"What?!  Are you kidding me?  What about your wife?  Your boys?  Don't they matter?  Why would you risk everything?  What would you even tell them?" I asked.

Before he could answer, I continued, "I don't feel the same way.  You have to know that.  You are a friend to me.  Nothing more.  Someone I thought I could trust, someone I enjoy spending time with but that's it.  And all this time, you were falling in love with me?"

I couldn't help but wonder if I had led him on during our friendship.

At the office, we were nothing but professional, although there were times he would lean in a little too close for my liking as we went over things he needed me to do or I would catch him watching me but I never said anything.

Outside the office, we would sometimes enjoy lunch together or chat at his house upon his return after babysitting his children.

Had I ever said anything which would lead him to believe I felt more for him?  Did he think every time I smiled at him from across the room that there was more to it than just a friendly gesture?  If I had kept things on a professional level and never entered into a friendship with him, would we even be having this discussion?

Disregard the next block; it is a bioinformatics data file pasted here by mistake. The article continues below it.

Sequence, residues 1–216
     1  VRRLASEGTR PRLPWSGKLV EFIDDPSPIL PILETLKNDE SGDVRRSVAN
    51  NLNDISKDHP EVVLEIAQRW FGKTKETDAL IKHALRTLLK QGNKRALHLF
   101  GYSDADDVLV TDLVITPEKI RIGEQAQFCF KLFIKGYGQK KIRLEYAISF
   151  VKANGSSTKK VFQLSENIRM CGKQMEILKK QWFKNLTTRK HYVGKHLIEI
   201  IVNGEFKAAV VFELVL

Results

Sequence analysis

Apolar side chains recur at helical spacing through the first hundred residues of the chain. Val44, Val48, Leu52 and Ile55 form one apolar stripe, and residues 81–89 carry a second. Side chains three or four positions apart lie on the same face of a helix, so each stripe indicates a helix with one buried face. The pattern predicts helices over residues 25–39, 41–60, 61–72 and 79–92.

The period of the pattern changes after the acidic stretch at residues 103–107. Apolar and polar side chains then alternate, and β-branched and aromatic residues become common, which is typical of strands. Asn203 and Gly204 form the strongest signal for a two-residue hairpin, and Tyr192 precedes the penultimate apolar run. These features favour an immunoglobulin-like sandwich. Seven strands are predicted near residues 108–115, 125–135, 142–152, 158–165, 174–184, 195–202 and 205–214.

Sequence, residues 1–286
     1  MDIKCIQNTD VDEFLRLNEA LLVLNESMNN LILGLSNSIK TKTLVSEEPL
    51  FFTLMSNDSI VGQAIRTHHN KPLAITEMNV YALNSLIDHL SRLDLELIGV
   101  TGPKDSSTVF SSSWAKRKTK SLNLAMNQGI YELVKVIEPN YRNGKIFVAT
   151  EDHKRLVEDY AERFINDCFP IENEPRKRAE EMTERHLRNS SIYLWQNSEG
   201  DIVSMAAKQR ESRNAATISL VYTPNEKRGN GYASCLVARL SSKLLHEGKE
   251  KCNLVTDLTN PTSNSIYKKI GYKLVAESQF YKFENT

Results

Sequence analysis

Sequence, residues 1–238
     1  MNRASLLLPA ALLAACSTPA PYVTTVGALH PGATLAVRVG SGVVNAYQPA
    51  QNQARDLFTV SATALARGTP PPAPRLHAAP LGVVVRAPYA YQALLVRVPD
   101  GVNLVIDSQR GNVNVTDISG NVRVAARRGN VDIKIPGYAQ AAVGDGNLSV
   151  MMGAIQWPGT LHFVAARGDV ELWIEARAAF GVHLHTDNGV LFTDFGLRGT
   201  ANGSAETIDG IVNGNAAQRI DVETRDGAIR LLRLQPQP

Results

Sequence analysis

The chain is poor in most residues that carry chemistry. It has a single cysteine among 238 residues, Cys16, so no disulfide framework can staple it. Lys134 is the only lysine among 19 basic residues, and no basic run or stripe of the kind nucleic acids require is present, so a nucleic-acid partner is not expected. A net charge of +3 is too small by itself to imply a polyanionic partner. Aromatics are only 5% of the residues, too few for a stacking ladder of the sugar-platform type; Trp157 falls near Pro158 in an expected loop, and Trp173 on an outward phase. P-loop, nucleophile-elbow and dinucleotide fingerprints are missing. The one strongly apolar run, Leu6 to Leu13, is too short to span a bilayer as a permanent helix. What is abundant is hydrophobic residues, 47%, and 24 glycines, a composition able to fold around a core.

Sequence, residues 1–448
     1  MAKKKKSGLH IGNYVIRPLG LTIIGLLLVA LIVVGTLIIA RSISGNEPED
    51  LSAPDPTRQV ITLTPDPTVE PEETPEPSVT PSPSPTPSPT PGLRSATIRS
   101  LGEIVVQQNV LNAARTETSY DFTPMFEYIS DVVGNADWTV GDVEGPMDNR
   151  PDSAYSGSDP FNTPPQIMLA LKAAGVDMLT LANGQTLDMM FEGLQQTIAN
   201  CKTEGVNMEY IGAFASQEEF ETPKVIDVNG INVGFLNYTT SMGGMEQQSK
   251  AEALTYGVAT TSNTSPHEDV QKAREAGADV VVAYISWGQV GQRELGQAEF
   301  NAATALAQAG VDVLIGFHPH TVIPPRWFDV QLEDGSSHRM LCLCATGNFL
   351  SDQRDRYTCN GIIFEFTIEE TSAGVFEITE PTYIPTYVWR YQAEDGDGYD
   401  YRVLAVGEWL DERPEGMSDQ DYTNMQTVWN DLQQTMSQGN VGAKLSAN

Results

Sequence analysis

"I didn't expect this to happen," he explained.  "It just did.  I'm saddened that you don't feel the same way but I understand."

I gazed into his face and the sadness was evident in his eyes.  I imagined his wife giving him that same look as he disclosed to her that he was in love with someone else.

"And just so you know, even if I did feel the same way, there's no way in hell I would ever enter into a relationship with a married man.  For God's sake, my marriage ended because my husband cheated on me!  You know that!  How could you even think this was okay?"

I partially wondered if I was chastising him to make him feel guilty or for the sake of convincing myself that he was the bad guy here, not me.  I hadn't done anything wrong...or had I?

It was then that I realized that while I knew whole-heartedly that I was not in love with him, I did get excited when I would drive into the parking lot each morning and see his car already there.  I would often greet him with, "I'm so happy you're here today."  When he would tell me how pretty I looked on a particular day, I'd smile politely and blush.